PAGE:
One of my favorite things to do is catch up with a friend who I haven’t talked to in a while. “How’s life? How have things been going?” I’ll ask, waiting with excitement to hear the latest developments. I love to hear about people’s lives and what’s happened to them lately. So it’s with interest and expectation that we turn the page to Genesis 19. It’s been almost five chapters since we’ve heard from Lot, Abraham’s nephew. Last time we saw Lot, Abraham was still Abram! We’ve got a lot to catch up on.
It seems at first that Lot is doing well in the area he moved to after Genesis 13. He decided to move closer to the city and closer to sin, BUT he didn’t actually sin. Really all he did was move to a better area – that doesn’t mean sin has control over him! Things are good! He’s managing! We can tell because Lot is super nice to two men he finds walking through the city late at night. He refuses to take no for an answer when he offers them a place to stay for the evening. They eventually accept and Lot brings them home for a meal.
But everyone in Sodom and Gomorrah is not as good as Lot. Soon a bunch of men are pounding on Lot’s door, wanting to have sex with the men (angels) that Lot had taken into his home. This is way over the line for Lot; much too wicked for him to stand (verse 7), so he suggests something much less sinful – that the men gang rape his daughters instead. I mean, really?
Lot’s neighbors take offense at Lot calling them wicked and get really aggressive, until the angels strike them with blindness and decide that it’s about time to wrap this up. They take Lot, his wife, and his two daughters (after a failed attempt at convincing the daughters’ betrothed – oh, if only missionary dating was successful!) and send them out of the city, instructing them to run to the mountains so that they will not be harmed when God destroys the unrepentant sinners in Sodom. Unfortunately, Lot is too scared to run all the way to the mountains, so the angels let him and his family run to a town named Zoar instead. Just like Abraham had asked, the town would be spared for the sake of Lot and his family, even though they were much less than ten people.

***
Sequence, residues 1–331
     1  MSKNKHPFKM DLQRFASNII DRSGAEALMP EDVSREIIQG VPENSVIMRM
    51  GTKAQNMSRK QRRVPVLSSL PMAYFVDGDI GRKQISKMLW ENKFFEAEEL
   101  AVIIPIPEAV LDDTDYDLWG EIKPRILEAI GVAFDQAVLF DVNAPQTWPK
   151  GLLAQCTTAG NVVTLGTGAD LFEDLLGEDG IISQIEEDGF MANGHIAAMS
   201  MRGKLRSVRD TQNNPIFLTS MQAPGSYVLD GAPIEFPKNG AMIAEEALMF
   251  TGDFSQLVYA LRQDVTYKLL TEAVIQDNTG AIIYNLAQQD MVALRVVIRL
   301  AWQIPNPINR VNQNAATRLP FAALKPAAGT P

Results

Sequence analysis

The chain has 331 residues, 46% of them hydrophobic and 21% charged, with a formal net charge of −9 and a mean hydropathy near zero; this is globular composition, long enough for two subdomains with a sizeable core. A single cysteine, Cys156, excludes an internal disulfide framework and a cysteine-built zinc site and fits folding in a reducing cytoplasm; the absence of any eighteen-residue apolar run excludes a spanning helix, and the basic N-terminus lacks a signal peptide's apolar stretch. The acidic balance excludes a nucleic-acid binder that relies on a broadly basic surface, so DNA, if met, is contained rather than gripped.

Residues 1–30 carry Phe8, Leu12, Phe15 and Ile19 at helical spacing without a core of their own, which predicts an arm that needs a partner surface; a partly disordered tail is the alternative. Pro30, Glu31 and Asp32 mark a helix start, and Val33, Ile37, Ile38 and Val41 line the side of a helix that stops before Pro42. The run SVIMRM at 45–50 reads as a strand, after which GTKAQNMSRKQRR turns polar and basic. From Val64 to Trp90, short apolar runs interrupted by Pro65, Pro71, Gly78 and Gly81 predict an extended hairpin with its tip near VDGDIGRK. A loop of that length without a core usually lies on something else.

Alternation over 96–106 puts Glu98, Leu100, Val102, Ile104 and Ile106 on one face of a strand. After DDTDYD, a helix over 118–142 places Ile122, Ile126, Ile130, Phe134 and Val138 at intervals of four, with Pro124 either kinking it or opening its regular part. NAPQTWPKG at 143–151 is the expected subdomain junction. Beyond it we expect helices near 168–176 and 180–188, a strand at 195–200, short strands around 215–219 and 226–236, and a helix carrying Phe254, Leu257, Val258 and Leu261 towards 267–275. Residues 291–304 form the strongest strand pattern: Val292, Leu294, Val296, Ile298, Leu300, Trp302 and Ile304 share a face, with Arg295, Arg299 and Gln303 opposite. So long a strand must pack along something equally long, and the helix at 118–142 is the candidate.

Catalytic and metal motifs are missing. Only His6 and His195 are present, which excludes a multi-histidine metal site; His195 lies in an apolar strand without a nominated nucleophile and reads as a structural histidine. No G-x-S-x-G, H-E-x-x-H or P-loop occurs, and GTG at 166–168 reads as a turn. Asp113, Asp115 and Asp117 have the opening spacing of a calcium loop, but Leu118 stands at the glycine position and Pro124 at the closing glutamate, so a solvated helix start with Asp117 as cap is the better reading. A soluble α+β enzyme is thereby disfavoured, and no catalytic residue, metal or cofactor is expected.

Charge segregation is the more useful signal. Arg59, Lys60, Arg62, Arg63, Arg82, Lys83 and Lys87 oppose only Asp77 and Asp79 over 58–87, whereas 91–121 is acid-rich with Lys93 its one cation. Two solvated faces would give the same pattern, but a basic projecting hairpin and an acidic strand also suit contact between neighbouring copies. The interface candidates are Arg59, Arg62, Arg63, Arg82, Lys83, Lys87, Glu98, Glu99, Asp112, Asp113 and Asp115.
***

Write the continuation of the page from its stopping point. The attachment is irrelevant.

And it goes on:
Once Lot is safe, burning sulfur is rained down on Sodom and Gomorrah. Everyone and everything dies – including Lot’s wife. She is turned to a pillar of salt for looking back towards her home. Now it’s just Lot and his daughters left, and this time they actually do run to the mountains. There, Lot’s daughters decide that they deserve children like everyone else (verse 31), so they take turns raping their father in order to get them. They each give birth, one to a boy named Moab and the other to a boy named Ben-Ammi, who will become the fathers of the Moabites and the Ammonites, respectively. We don’t know what happened to Lot and his daughters after this episode, but we’ll be hearing from the nations of Moab and Ammon soon enough.
The Treasures Within:
One of the few Casting Crowns songs I like talks about how slowly but surely sin invades our life. It moves quietly, yet aggressively. We, like Lot, might sidle up close to sin without outright participating in it. We hang out with certain crowds without exactly doing what they do. Or we allow things to go just far enough with our boyfriend or girlfriend without actually having sex. We think we’ll be okay as long as we haven’t violated the letter of the law. But we, like Lot, will soon find out that isn’t true.